FINGERBOARDS for UPRIGHT BASS: What's to know??
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The COVID-19 pandemic has people understandably highly concerned. With abundant cautionary procedures, the bassists at Gollihur Music are still maintaining our normal (online) business hours and shipping out orders every weekday
Since we are not a "bricks and mortar" store, we are not affected by mandatory retail closures. There are just two of us here at the shop, and we have temporarily put a halt to in-person appointments to limit any chance of exposure. We are taking appropriate measures to protect ourselves and our customers from any possible infection. We're confident that we can continue to provide you with your bass needs through this complex time.
Do note that some of our suppliers have been suspending or limiting operations, though, so some products may be a little less available. But we are well stocked with the bass-ics!
What are they made of? Ebony is the material most used for most upright bass fingerboards, though there are many woods that can be used as a substitute. One of the main reasons ebony has been the wood of choice is the hardness of the wood, so it can resist being worn by the strings. Other woods commonly used are rosewood, jatoba, and hard maple (see ebonized below). You'll find that pure black ebony has become more rare, and thus more expensive, so you'll often find ebony with brown and gray streaks in use on many instruments; some makers and players will use a black stain (see ebonized below) to even the appearance of the ebony. However, I got a used ebony fingerboard for my homebuilt EUB that had been stained; the striped ebony beneath the stain is quite beautiful.
What is an ebonized fingerboard? This has become a marketing word that usually means that hard maple or another wood has been stained black so it resembles ebony. As long as it is a hard wood (there are many variations of maple, a very hard variety must be used so it resists wear) it's no sin- my old Kay had a maple board for several years. However, as it wears, you may need to restain it for appearance's sake. There is a perfectly good reason maple isn't used without a stain or coating. Our finger oils get into the wood and turns it an ugly gray and black, as you may have seen on old guitar and bass guitar maple fingerboards where the finish has worn off.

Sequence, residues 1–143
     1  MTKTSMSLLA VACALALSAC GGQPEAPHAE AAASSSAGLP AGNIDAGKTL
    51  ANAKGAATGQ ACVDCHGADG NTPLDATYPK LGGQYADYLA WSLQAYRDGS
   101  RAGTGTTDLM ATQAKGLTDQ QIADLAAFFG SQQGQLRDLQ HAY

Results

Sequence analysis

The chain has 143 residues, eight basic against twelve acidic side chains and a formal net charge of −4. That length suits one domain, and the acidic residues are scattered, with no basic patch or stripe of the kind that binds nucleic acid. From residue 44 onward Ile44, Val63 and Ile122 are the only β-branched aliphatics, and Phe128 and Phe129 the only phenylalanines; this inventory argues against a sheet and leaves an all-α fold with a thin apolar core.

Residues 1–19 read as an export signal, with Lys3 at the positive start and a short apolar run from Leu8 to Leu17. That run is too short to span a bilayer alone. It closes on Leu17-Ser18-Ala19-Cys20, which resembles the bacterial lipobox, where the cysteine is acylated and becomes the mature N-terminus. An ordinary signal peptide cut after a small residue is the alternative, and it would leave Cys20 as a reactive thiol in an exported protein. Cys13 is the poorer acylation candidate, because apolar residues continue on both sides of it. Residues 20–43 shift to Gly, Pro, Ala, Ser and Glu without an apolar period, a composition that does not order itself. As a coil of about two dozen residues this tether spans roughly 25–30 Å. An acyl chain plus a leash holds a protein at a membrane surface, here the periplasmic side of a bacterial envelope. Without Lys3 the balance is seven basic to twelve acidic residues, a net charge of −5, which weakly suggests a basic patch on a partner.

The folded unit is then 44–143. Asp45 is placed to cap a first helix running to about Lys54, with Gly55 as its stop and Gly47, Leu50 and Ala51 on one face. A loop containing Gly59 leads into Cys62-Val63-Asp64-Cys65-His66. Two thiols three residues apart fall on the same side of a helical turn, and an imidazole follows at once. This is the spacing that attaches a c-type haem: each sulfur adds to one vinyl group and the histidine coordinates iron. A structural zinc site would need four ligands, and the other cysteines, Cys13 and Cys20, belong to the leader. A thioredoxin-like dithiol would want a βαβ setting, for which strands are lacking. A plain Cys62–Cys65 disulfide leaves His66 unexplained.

My fingerboard has dents and grooves from playing- what should I do? Fingerboards should be serviced every so often, usually when the wear impedes play. An experienced luthier can plane the board to make it smooth again. Eventually a board will become too thin to plane; that's when it's time to replace it. It's not uncommon, the fingerboard is a wear item that is simply a part of normal maintenance. That said, depending on activity, string abrasiveness, etc., it can take quite some time before a board needs surface work or replacement.
What if I want it to be deep black color? There are stains used for creating more uniform blackness that may have to be reapplied periodically. Aniline dye is one, but I like the black dye that is typically used by leather workers to stain belts, etc. That's not the stuff you'll find in a shoe store, but it is otherwise easily obtainable, search the web for a source ("fingerboard stain").
My fingerboard isn't flat, it's curved - do I need to fix that? No. If you lay a yardstick lengthwise against the board you should see daylight in the middle. "Relief" is the term used for the concave curve that is purposely cut into the fingerboard, to allow strings to vibrate without hitting the fingerboard. Unlike most bass guitars and similar instruments that have adjustable truss rods, the relief is planed into an upright bass fingerboard. This is necessary to avoid getting buzzing from undesired string/fingerboard interaction in some positions, and it must be done carefully if you want very low action from your instrument.
My fingerboard has a "flat spot" under the E string. What gives? You may have seen some bass fingerboards with a sharp rise or beveled edge that runs the entire length of the board, between the A and E string on some basses. It is called the "Romberg Bevel." It was invented by (and named for) Bernhard Heinrich Romberg (November 13, 1767 – August 13, 1841), a German composer and cellist. That shape is a throwback from when big fat E strings crawled the earth -- the bevel gives more clearance for that string to vibrate more clearly. With newer string technology, it's no longer a necessity and many luthiers and builders have phased it out. Some folks prefer it, some don't; it's probably just a matter of what you're used to, but no biggie IMHO.
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The Fine Print:The information contained herein is based on what's in my brain — and/or my observations and opinions from my personal experiences (and those of Bob, before me) — as of this moment today, and is subject to change. I'm sure that a great deal more information and detail could be added — but the intent of these writings is to present easily understood, quick FAQs, to address common questions and improve the reader's general knowledge.
What's written here is by no means any kind of authoritative absolute answer, for I am not the world's greatest authority on bass (not even close), or on much of anything else, for that matter. So, by all means, get a second opinion, and know that all the information provided here is for general informational purposes only. I am not providing professional advice; be aware that, where applicable, any information acted upon is at your own risk.
I simply and sincerely hope the information and opinions here are helpful to you on your quest for knowledge about the bass and related subjects... that's the point!
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